🔙 Back to blog
September 9, 2020
#madewithbravo
Publishing an app to the App-store without coding — “Bravo Studio”
Do you have an awesome app idea, but no coding skills? Bravo Studio has you covered!
Jordin van Deyl

As a UX/UI designer I have my hands full just studying my own field, let alone take the time to learn how to code native iOS and Android apps. I have so many ideas though! It can be frustrating knowing you can imagine, research and design a beautiful app, but lack the skills to actually build it. That is why I was eager to get my hands on Bravo Studio. Together with Violet Jim we took one week to get our app ‘App-store ready’. This is the result:

App-store assets for WePlant

About Bravo Studio

Bravo Studio (check their website here) is a start-up based in Barcelona. They promise to turn your prototypes into fully native apps instantly. No-code. So how does it work? You connect your Figma files to Bravo, then connect Airtable (or any other restAPI). Finally, Bravo converts this into an app package for one or both of the Appstores. Easy as that!

What we love

  • Because Bravo, Figma and Airtable all have free versions, you can get started without spending anything!
  • There is an active (and growing) community here. The Bravo staff is very involved and give help where they can. So it is easy to post your questions. I also feel like the staff is listening well to what the community needs. This gives me high hopes for the future development.

What could be better

  • Bravo is still very much in development. This means many features you might be accustomed to (like login-in options) are still in the roadmap. This won’t be a problem if you have a simple idea, but for something advanced you’ll have to wait (or get very creative).
  • Removing branding is expensive. Bravo features 2 paid tiers and only the most expensive one (€49,- a month) will remove branding. If you don’t care about this there is little reason to go for a paid plan at all. *(Update: They seem to be changing what’s in the different tiers, so this might be updated later).

The challenge

Bravo Studio issued a challenge on their forums. They asked to make an app based on a database provided by ‘ChooseYourPlant’. This online community for houseplant lovers helps users discover plants they love. They also give a lot of advice on how to keep them happy and healthy!

Objective: Create an app on how to take care of your plants at home. Come up with a fully new design where you can show your own idea and creativity.

For us this was the perfect chance to get our first hands-on experience with Bravo Studio!

Step 1: Designing the app (for Bravo)

Using Figma we designed the app through basic UX/UI practices, prototypes, user testing, etc. The hardest part was figuring out in what ways we could solve the challenge. There was a lot of; ‘How about we do this?’ with a reply of ‘That feature isn’t available yet…’. At one point Violet almost flipped the table (╯°□°)╯︵ ┻━┻, but… In the end we made a good design with basic features that covered the user goals ┬─┬ノ( º _ ºノ).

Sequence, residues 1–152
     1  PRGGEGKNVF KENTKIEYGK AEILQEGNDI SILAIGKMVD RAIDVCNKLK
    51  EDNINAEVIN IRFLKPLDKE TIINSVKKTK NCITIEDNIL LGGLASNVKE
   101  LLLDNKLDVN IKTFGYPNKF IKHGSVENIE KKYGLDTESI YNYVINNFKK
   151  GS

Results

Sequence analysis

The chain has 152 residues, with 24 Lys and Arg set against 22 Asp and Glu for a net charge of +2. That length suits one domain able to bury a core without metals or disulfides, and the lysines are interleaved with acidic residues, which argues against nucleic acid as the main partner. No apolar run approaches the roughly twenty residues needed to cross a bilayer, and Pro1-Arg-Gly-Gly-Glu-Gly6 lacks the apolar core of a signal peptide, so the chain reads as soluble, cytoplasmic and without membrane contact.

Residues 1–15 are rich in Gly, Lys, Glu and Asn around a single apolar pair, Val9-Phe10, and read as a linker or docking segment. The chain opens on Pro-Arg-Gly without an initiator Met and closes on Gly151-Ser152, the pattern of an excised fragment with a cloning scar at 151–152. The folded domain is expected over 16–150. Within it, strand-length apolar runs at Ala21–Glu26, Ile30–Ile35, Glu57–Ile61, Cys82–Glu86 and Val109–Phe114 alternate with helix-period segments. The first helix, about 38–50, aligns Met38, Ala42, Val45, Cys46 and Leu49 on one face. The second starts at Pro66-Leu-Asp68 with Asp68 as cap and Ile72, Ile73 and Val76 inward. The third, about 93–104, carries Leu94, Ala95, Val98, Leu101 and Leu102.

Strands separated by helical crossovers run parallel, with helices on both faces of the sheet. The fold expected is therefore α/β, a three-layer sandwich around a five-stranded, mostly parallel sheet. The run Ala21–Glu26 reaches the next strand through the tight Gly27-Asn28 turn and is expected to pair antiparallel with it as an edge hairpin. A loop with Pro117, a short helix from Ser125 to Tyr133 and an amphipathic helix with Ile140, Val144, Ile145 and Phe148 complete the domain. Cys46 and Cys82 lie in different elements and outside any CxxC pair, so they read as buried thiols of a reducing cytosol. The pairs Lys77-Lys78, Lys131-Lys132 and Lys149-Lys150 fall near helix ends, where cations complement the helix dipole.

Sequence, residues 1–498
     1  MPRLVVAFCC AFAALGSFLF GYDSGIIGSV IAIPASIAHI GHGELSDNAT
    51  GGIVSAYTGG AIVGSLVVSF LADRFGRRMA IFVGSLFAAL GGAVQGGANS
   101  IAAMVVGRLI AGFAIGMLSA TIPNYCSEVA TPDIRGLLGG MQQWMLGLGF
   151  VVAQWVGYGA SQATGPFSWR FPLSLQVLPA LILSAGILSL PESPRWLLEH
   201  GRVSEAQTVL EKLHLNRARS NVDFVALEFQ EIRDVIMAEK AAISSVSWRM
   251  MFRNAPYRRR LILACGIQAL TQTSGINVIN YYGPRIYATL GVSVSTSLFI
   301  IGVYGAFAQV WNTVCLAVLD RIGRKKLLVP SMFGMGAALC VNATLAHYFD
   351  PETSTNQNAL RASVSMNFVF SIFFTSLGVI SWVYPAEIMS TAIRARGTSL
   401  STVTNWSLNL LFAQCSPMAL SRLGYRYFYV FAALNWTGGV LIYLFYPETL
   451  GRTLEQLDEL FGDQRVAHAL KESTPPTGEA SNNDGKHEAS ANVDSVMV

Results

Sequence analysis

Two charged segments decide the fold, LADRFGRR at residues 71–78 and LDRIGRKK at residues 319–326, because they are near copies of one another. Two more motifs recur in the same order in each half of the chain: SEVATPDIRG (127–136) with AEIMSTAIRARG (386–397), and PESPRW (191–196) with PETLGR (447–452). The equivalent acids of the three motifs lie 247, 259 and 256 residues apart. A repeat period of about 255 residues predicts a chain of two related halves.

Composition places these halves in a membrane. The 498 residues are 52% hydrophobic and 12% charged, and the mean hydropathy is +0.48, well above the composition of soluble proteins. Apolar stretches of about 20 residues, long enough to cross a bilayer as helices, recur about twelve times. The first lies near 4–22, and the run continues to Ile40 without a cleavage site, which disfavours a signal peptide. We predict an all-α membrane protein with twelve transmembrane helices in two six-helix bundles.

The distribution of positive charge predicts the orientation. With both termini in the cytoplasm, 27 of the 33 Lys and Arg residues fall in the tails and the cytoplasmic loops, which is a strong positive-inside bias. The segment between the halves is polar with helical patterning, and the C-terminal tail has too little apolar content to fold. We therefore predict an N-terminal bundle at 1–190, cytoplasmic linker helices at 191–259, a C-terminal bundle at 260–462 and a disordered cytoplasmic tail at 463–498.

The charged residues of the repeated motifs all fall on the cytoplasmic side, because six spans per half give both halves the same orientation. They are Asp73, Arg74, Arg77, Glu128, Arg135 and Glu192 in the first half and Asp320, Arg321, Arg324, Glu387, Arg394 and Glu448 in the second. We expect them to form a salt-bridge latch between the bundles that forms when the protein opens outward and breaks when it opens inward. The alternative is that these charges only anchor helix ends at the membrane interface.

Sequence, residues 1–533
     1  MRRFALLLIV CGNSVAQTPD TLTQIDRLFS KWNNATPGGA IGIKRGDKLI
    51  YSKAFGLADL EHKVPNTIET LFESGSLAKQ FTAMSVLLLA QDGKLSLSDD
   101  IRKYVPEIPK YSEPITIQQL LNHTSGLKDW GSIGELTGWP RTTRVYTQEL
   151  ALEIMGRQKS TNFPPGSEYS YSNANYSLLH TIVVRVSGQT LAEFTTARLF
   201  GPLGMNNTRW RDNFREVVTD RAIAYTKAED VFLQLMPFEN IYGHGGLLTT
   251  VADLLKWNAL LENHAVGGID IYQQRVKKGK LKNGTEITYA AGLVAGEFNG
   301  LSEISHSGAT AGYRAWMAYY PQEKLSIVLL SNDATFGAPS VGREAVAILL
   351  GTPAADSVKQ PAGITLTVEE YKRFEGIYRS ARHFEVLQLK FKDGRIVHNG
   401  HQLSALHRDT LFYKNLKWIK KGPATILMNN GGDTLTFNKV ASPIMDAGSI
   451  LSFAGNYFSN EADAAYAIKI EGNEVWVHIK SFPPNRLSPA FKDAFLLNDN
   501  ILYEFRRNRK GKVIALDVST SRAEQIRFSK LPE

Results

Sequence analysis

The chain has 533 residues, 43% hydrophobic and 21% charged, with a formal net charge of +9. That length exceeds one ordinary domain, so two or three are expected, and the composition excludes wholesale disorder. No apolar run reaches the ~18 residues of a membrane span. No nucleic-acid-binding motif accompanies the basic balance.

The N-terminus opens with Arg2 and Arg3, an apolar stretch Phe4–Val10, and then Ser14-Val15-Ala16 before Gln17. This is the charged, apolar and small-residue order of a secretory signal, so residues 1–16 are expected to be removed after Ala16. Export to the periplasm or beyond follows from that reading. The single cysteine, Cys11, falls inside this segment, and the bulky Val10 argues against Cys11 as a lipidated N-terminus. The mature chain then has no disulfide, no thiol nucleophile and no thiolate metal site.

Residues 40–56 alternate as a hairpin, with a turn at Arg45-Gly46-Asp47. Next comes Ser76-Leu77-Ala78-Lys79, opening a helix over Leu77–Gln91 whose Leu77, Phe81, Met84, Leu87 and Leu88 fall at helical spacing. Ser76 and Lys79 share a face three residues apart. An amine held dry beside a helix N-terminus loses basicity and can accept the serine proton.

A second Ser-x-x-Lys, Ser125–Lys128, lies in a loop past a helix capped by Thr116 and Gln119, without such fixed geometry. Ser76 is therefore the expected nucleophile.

While still in Figma we made the first step in connecting the design to Bravo. We did this by using ‘tags’. Below we have the splashscreen for example. By adding [asset:splash] to the Frame name Bravo knows what to do with it. In this case, it recognises it as a splashscreen.

There are many different ‘tags’. The other image shows [statusbar:light] indicating I wanted the time and battery to show in white text. [transition:dissolve] indicates my preferred transitions between pages. These examples are on Frame level, but there are also many tags that work on individual elements, such as text boxes, webview elements or images/videos.

Screenshot of Figma and Bravo’s ‘tags’
Screenshot of Figma and Bravo’s ‘tags’

Step 2: Connecting the data

By sharing the Figma link Bravo imports the design into Bravo Studio. Here we also have the option to connect a database. We were provided one in Airtable with basic information that we expended upon. Then we go back to the design and start connecting the two.

Below is an image of Bravo Studio. In my design I show a recommended room for this plant (in my Figma file I used a [flexo]-tag for this piece of text) which I connected with the corresponding column in the database.

Screenshot of Bravo Studio showing data being connected to design elements
Screenshot of Bravo Studio showing data being connected to design elements

Step 3: Final testing and exporting

Bravo offeres a useful app called Bravo Vision. It is comparable to Figma Mirror and allows you to preview the working app on your phone. I used it often to check how the design was looking and if everything was connected properly.

After the finishing touches I went back into Bravo Studio to request an ‘app-package’. Within 48 hours your native application is mailed to you. Ready to upload to the app-stores! Never done that before? Don’t worry. They have guides for that as well, but they can be a little confusing at times.

Connecting with Typeform and Zapier

Even though there might not be that many ‘tags’ yet, using the webview it is easy to connect Typeform to your design. This also allows you to hook up Zapier and set up some creative solutions. I’m curious to see what you can make with this, so feel free to DM me!

Conclusion

Bravo is a brilliant start-up that makes app development available for all of us (without coding knowledge). The product is still developing, so many features are not yet available. However, the team is very involved with the community so I’m excited about every update. The basic tier is free, so no reason to hold back.

Download WePlant from from iOS App Store here.

Download WePlant from Google Play Store here.